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English>>China Society

Guangzhou car restrictions spark debate

(Xinhua)

08:08, August 29, 2012

GUANGZHOU, Aug. 28 (Xinhua) -- China's southern metropolis of Guangzhou began to limit car registrations through a license plate lottery and auction this week, triggering concerns over the fairness and validity of the policy.

In order to treat the worsening problems of traffic and air pollution, Guangzhou announced last month that it would allocate the city's annual 120,000 new car registration quota through the lottery and auction models.

A total of 5,640 applicants were awarded plates at Monday's lottery, and the average bid for a license plate for a private car stood at 22,822 yuan (3,622.54 U.S. dollars) after the auction on Tuesday.

Some celebrated the policy, calling it a timely remedy for the city's traffic woes, while others have complained that the restriction fosters inequality.

"Zhongchewang" wrote on Sina Weibo, a micro-blogging site, that the car restriction improves traffic at the expense of the people's rights to own and use cars.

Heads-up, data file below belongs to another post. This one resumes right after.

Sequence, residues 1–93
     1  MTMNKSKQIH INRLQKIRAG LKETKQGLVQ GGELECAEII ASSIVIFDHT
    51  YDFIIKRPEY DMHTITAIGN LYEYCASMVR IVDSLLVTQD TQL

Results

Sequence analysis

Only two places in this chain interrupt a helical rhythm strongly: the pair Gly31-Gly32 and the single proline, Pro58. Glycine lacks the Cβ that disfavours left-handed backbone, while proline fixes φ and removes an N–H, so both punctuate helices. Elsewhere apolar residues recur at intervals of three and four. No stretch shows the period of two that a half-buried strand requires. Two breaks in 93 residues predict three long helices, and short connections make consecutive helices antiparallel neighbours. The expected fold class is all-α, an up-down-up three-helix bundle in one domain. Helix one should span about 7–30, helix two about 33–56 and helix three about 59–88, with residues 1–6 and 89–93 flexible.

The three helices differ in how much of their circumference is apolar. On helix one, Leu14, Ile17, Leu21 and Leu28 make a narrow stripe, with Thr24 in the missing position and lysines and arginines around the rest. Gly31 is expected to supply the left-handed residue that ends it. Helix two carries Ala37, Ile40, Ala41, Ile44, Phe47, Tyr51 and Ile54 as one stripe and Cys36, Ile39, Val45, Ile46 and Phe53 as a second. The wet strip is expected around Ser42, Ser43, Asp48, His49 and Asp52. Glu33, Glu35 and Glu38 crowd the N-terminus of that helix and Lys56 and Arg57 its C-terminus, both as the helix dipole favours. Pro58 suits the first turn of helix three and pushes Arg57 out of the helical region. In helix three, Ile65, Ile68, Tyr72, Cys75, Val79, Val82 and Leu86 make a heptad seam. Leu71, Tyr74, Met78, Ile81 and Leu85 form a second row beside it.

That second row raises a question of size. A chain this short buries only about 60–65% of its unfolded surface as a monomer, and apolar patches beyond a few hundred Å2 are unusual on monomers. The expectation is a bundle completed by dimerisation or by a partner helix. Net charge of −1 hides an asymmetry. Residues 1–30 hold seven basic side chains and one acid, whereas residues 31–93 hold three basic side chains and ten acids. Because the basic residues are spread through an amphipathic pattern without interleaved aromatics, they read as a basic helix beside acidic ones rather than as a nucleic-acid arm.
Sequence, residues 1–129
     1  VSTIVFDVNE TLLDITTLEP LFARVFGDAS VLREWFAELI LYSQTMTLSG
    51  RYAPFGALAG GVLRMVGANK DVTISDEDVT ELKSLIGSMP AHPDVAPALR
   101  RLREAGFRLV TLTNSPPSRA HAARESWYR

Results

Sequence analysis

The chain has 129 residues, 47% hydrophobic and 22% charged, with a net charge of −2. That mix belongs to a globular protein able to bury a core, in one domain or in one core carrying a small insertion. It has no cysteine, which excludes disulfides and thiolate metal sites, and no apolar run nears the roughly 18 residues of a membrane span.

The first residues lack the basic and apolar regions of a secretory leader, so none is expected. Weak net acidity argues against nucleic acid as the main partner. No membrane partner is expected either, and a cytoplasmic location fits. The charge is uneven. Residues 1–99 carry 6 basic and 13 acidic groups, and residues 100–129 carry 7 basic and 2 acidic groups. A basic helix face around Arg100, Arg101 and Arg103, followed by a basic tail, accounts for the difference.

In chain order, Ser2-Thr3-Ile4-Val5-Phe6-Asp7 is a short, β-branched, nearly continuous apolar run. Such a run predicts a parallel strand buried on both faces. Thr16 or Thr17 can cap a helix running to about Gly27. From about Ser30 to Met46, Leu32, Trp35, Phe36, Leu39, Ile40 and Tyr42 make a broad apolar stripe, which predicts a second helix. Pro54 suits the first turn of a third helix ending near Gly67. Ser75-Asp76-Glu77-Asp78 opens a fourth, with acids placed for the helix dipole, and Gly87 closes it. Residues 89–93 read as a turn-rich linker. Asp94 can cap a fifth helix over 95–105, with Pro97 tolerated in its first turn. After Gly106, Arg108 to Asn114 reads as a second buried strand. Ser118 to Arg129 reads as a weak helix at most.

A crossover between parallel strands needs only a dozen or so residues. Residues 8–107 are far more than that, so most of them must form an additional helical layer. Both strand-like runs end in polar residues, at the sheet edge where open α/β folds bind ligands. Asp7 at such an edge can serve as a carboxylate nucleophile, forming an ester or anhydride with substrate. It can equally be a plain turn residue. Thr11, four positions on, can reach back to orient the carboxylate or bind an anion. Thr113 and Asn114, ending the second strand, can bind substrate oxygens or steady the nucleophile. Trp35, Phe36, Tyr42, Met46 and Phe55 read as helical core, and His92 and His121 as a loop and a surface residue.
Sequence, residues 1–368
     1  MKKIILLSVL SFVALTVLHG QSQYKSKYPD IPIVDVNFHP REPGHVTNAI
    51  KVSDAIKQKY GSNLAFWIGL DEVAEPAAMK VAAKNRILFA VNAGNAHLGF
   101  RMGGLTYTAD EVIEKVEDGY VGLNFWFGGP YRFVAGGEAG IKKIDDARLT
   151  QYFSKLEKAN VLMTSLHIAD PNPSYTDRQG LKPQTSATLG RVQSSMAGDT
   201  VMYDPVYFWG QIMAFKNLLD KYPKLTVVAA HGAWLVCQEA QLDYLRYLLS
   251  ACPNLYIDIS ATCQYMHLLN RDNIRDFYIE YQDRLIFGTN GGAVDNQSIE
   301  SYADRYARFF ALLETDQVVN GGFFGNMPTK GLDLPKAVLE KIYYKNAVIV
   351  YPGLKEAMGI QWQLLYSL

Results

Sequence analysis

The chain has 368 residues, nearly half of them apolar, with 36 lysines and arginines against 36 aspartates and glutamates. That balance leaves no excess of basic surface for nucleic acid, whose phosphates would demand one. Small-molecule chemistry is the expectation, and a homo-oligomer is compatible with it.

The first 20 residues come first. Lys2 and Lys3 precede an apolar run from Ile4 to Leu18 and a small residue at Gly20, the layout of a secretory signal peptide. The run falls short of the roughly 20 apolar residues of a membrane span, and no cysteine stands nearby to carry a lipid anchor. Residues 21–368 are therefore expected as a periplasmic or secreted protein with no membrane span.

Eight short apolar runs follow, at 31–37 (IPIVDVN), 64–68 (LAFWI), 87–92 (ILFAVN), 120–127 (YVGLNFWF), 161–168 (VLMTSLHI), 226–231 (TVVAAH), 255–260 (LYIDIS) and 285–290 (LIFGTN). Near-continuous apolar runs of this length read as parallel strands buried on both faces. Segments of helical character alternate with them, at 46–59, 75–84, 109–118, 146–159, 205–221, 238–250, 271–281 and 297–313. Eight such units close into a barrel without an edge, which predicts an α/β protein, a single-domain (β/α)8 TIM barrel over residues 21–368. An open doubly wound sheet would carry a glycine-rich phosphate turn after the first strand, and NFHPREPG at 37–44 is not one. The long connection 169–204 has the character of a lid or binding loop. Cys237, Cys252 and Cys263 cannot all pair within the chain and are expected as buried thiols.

"The license plate auction is a mechanism in favor of the better-off, which is unfair to ordinary consumers," wrote "Jinming."

Beijing ushered in the license plate lottery scheme in January last year, and Shanghai started the license plate auction in 2000.

The winning rate for Beijing's car registration lottery dropped to less than 2 percent in August, with more than 1.05 million applicants vying for only 19,926 plates.

The average bid for a plate in this month's auction in Shanghai was 62,559 yuan, up 4,400 yuan month on month.

Chen Rugui, deputy mayor of Guangzhou, said traffic congestion and the city's rapid growth in car ownership have forced the government to come up with the restriction.

In May, the city had a total of 2.405 million auto units, 2.5 times the number five years ago, marking an annual growth rate of 19 percent, according to the local government.

Meanwhile, many have also been critical about the effects the license plate lottery and auction will have on improving traffic.

"James1968" wrote on Sina Weibo that the lottery and auction policy is just a temporary solution, and the root cause of gridlock is flawed road planning and inefficient transportation management.


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